One editorial labeledas the "domino" that will cause other governments and private parties to follow suit, fostering more choice. Others believe that it represents a mandate for a single type of software model, one purposely imposed to limit competition, not strengthen it.
Yes, all of this is big. But there's also something bigger going on. It points to a perfect storm that can't be good for those who depend on intellectual property, or IP, to prosper. As part of the discussion between Massachusetts and software developers who would be affected by the state's mandate, the designer of the OpenDocument Format policy, Eric Kriss, flippantly stated:
"Here we have a true conflict between the notion of intellectual property and the notion of sovereignty, and I'd say that 100 percent of the time in a democracy, sovereignty trumps intellectual property."
This sounds positively pre-Boston Tea Party to me.
Kriss' supporters say the statement has been taken out of context. And they're right. It can't be considered in isolation. It reflects the currently fashionable idea that confiscatory government policy must be used to even the score (whatever that means), thrusting highly demanded, privately risked IP out of the hands of legitimate property owners and into the hands of other, favored actors to further "develop" it.
A recent court decision in the U.S. (i.e., the Supreme Court's eminent domain decision in Kelo); regulatory and legislative actions in the EU (i.e., the EC's stance on interoperability, and failure by the EU Parliament this summer to pass patent legislation); and rampant piracy, not just in the developing world but here on these shores, buttress this supposition.
But the real tipping point seems to be apathy. Thus far, the IP community in America and Europe all seem to have collectively yawned. Such a view can be nothing short of myopic.
Alan Greenspan, the Federal Reserve Board chairman, notes that America's main economic product has become "predominantly conceptual," based in large measure on IP assets. Perhaps as much as 75 percent of publicly traded company value in the U.S. comes from intangible assets, again largely IP-based. The EU parallels much of this experience.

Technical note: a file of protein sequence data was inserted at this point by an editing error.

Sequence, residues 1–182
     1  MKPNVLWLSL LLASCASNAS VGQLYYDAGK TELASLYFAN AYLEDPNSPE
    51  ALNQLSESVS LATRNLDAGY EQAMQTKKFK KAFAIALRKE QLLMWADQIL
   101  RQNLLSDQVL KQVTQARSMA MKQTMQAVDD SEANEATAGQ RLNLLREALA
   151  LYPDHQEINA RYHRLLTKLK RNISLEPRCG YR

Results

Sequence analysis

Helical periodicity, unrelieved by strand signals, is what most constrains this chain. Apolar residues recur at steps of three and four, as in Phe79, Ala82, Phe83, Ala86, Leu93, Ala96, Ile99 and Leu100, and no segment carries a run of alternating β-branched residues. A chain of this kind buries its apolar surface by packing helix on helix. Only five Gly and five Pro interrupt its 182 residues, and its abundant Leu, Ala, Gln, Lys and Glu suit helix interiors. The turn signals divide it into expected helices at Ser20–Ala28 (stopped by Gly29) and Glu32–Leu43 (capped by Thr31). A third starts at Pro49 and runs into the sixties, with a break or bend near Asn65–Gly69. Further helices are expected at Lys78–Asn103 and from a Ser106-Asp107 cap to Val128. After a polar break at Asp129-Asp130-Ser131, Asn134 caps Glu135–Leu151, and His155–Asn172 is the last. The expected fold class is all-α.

Through privately owned and developed IP, American and European IP companies have given back untold public benefit. Our world-leading, IP-dependent goods and services--our car airbags, drug delivery mechanisms, air traffic control systems, toaster ovens, etc.--make the lives of billions of people better. Strong and enforceable IP rights--e.g., copyright, trademark, patent and trade secrets--have played no small part in this development.
The rest of the world--developed and, importantly, developing--is following suit.
While piracy remains problematic in Brazil, China and India, collectively their IP industries all compete on the world stage, either through their own exports or via the work performed for well-established multinational players. Thus, they depend on IP rights to grow, working to stop piracy, while also boosting their own IP rights regimes.
It may be human nature to wish for the demise of your competitors. Yet to do so through the tool of blunt, confiscatory government policy is a tidal wave that can't be controlled. Regardless of the development model, the IP community in depends on strong IP rights to prosper and grow. Governments must resist the temptation to take this property.
As Kriss points out, it's a strong temptation, even for a "probusiness" appointee. The stakes are high. If the IP community can't disabuse people like Kriss and others of that temptation, our industry, as well as worldwide consumers, had better get used to having their rain parkas on. We're in for a long and furious storm.